Our attentive dressing-room gave a regular audience to Downsey; lent its ears for his life-in-athletics play-book. In his element there, he'd inspire the room with his 120-mile weeks, second-hand pub jokes and seething rivalries. He told us of how he would always back himself at the business end of a race. He relayed the furious encounters with corrupt athletic institutions and warned us about some particularly "despicable human beings" out there. While his proud glory days received ample air time, he'd just as soon speak of the mundane toil of draining workaday weeks with zero glory. The unforgiving zombie moments where you just had to summon up whatever life was in you, whatever mental trickery you could employ, just to lace up your trainers and step out the door; to at least get something "banked" as part of the investment.
Many of John's stories repeated themselves, but he'd always be storing new ones away to tell later. One true story (verified by older Donore members) has a particular finish-line official - one of Downsey's "despicables" - protesting the legitimacy of John's victory as he won a particular cross country race. The official was loudly protesting John’s victory as invalid - some club singlet technicality. The Bull was fuming. What happened next varies depending on who's telling, but if on 'A Question of Sport' and you answered that Downsey knocked the official out cold with a right hook, you'd get full points.
John knew there were no shortcuts in his sport, and his no-bullshit approach never consoled for consolation's sake: "If you gave your all", he said calmly in more than one post-race analysis, "then that's more or less where you're at". On the other hand, I'd always appreciate his search for the seconds that got away"."...I mean don't forget that fucking gale as well Mark; that was worth at least a couple of seconds a lap."
Out on one easy day's run with him in the Phoenix Park, he became animated about the race he'd run the previous weekend. Approaching the race's defining moment, Downsey had been running stride for stride with one of Ireland's most promising juniors. Downsey was hurting, but with his experience, he could roughly read the state of the junior. He was hurting too... but no more than Downsey. He shouted encouragement to the junior; shouted “Come on!” encouragingly, between rapidly red-lining breaths; to stay with him as he made his final effort. The junior failed to muster, barely verbalising above their dying breaths: "I can't!" He fell back. Relaying this key part of the race to me on our easy run, Downsey had formed his impression of the junior: when really up against it, he would not / could not / did not dig into the place that was needed to go; the place that would be needed to make it.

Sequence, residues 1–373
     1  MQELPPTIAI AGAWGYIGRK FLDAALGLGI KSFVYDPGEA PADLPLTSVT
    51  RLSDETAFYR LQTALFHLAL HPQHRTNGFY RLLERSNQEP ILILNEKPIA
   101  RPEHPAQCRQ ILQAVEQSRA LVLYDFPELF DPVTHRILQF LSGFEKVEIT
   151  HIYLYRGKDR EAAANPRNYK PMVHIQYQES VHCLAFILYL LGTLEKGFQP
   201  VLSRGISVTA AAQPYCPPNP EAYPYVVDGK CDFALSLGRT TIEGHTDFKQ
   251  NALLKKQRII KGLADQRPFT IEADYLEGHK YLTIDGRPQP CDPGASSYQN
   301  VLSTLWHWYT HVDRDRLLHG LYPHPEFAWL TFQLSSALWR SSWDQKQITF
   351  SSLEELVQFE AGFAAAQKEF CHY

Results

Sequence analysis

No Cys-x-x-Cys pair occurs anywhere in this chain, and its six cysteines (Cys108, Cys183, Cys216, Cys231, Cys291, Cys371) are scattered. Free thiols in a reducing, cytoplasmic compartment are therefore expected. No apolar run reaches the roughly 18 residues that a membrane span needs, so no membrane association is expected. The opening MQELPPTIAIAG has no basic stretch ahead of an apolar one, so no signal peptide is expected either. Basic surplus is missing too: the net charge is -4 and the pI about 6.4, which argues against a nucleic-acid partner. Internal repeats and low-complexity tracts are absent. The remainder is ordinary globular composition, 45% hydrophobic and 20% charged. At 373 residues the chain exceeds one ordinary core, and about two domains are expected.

Down by the duck pond, nearing the Donore clubhouse and the end of our own run, I decided to reveal an ambition of mine: winning the national cross country someday. His face brightened in surprise. "It's good to hear you talking that way Mark". He knew I wouldn't say something like that lightly. "It'll be nothing like easy …possible though". He believed there was a chance! He believed in me and that he could guide me there. I took heart. Downsey wouldn't bullshit me if he thought it wasn't possible. He turned to the brass tacks of what it would take: the sessions and mileage I already knew, but ramped up; progressively and sustainably in volume and intensity …"six to eight years of 90-100 miles a week Mark...with your long run, your tempo, your two quality sessions...". He paused thinking it through, his optimism allowing the goal to take shape a little clearer in my mind. "And you'll need that bit of luck on the day itself'' he concluded.
Running on a moment further in silence, John’s conscious mind seemed to stop planning. His face contorted into a sadistic grimace as his body remembered the art of racing; "And you need to be pig-stubborn Mark, stubborn as a bull".